Chemical spills and the exposure to spills and waste can be very harmful to workers, leading to burns and serious injuries, sometimes to the respiratory tract. If a spill occurs, identify the chemical and then review the manufacturer’s instructions. The kind of chemical that is spilled will largely determine how you should respond to the chemical spill in terms of cleanup.
The employer may or may not be qualified and trained properly on cleaning up the spill. If not, local law enforcement may have to be contacted so they can find the correct response team. If the spill is large enough, the area may have to be evacuated.
It is best to attempt to cover the spill, if at all possible, and attempt to neutralize it. If the spill can be contained and cleaned up, the waste from the spilled chemical has to be disposed of according to local and federal laws for safety reasons.
There are ways, however, to protect yourself from a chemical spill, and they are to wear chemical-resistant gloves, clothes that cover the skin, and eye protection.
CHEMICAL SPILL AND EXPOSURE LAWS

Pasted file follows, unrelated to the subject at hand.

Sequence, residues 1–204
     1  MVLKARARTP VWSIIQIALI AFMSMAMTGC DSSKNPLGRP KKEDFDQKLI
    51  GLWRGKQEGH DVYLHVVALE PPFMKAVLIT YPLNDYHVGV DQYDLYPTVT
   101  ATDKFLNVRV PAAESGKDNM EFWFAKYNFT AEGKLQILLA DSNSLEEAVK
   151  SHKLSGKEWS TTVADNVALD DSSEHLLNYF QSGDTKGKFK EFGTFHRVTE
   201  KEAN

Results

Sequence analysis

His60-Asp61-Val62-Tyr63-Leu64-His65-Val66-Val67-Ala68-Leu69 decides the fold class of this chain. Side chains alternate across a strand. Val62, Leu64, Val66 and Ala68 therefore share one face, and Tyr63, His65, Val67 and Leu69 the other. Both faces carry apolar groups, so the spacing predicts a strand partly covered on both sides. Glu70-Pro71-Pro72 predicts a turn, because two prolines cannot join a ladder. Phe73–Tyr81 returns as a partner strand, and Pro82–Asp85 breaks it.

If you have been injured on the job, you have one of two options in order to secure a recovery for your injuries. First, you may to be able to turn to your state’s worker’s compensation law program or Labor and Industry program.
The second option you have is what is called a third party settlement. A third party settlement is only available when a party other than your employer caused your accident. So if there was another company, such as a general contractor, that was partly or entirely responsible for how the accident was created, then you can sue the general contractor just like you could sue someone who struck you with their car.
Part of the challenge in a case involving a chemical spill or exposure injury is to identify the right party to sue. There could be any number of possibilities, including, but not limited to:
- The general contractor
- The subcontractor
- The company for the chemical company
- The company who was responsible for safety for the chemical company
There may be even other companies or responsible parties as well who are responsible too. The challenge is identifying them. Having the right kind of expert is essential in a case like this who can help not only identify the right party but who can also explain how the accident happened, how it could have been prevented, and why different safety protocols would have made a difference.
For a free legal consultation, call 206-558-5555
COMMON CHEMICAL SPILL AND EXPOSURE INJURIES
If you have been injured on the job or at a construction site, you may have suffered a number of serious injuries. Among them are:
- First, second, and third degree burns
- Skin injuries
- Eye injuries
- Traumatic brain injuries
- Head trauma
- Spinal cord injuries
- Back injuries
- Shoulder injuries
- Knee injuries